Effective Conductivity Concept for Modeling Conductor Surface Roughness
Gerald Gold, Klaus Helmreich
1st January 0001
In the two-digit GHz-range, where the conventional skin depth decreases to the range of surface roughness, loss predicted assuming ideally smooth surfaces falls far behind measurement.
A new method to treat surface roughness in field solvers is introduced which employs the concept of a frequency-dependent effective conductivity as impedance boundary condition. It is deduced by solving Maxwell‘s equations for the newly introduced conductivity gradient model: Comparing signal wavelength, conductor width and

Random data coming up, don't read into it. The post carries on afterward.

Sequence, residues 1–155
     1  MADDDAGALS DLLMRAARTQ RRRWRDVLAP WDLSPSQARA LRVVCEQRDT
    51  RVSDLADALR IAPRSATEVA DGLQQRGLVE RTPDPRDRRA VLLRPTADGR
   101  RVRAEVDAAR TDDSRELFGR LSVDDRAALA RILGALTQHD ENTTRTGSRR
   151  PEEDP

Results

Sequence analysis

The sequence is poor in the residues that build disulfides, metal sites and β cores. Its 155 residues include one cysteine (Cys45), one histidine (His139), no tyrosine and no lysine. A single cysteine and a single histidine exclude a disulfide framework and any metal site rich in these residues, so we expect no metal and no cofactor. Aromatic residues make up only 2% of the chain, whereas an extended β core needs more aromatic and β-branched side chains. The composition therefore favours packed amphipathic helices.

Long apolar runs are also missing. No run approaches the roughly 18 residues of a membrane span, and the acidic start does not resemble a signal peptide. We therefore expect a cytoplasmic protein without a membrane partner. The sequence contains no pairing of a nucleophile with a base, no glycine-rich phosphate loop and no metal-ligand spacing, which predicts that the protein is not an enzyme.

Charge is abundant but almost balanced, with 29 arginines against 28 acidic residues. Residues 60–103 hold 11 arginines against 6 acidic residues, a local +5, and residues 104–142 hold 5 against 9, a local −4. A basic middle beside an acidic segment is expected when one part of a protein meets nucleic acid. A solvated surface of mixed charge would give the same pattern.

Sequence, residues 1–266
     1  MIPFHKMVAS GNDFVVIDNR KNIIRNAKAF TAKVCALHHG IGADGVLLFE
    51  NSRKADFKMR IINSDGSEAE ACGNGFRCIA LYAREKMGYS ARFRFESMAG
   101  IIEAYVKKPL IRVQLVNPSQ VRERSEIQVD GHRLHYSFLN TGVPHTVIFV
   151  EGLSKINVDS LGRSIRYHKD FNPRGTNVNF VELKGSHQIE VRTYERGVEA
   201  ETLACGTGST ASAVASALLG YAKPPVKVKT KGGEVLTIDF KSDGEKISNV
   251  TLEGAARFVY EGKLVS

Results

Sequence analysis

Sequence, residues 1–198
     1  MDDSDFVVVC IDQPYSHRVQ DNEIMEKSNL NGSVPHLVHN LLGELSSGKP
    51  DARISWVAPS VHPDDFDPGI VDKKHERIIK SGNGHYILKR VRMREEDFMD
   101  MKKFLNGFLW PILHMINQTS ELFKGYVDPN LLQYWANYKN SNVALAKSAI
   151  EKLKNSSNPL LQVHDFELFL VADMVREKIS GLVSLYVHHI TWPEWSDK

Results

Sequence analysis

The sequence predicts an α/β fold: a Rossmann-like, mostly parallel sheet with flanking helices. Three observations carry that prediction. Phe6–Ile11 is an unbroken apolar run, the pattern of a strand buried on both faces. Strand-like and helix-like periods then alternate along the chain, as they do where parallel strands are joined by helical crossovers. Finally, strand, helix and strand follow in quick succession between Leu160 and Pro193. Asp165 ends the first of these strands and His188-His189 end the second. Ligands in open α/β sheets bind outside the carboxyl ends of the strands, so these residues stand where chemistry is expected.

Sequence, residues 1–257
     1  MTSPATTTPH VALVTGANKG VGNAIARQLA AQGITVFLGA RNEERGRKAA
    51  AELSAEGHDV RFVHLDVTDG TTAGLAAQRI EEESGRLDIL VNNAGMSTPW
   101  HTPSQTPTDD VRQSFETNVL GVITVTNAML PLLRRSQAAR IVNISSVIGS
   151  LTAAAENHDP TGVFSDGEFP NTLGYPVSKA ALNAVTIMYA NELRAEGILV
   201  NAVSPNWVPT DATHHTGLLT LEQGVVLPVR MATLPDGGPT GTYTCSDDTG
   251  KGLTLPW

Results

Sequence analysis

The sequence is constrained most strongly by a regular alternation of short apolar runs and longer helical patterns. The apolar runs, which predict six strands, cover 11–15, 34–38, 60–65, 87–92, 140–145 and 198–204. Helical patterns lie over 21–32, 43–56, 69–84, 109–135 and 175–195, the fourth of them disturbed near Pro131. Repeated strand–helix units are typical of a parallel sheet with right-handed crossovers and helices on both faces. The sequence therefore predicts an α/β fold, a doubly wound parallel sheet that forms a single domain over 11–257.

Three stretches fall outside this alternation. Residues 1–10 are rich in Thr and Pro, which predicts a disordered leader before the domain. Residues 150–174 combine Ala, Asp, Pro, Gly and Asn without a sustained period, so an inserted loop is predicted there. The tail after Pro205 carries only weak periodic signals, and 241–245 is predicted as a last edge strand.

roughness feature size, one can conclude that a propagating wave does not “see“ individual peaks and pits, but rather a “mean“ plane surface, which, however, shows no abrupt border between dielectric and conductor, but a steady transition in conductivity perpendicular to the surface. Thus, roughness with the gradient model can be
characterized by one single parameter: the root mean square Rq of microscopic surface height, already provided in many PCB material data sheets. This method accurately predicts measured insertion loss responses.
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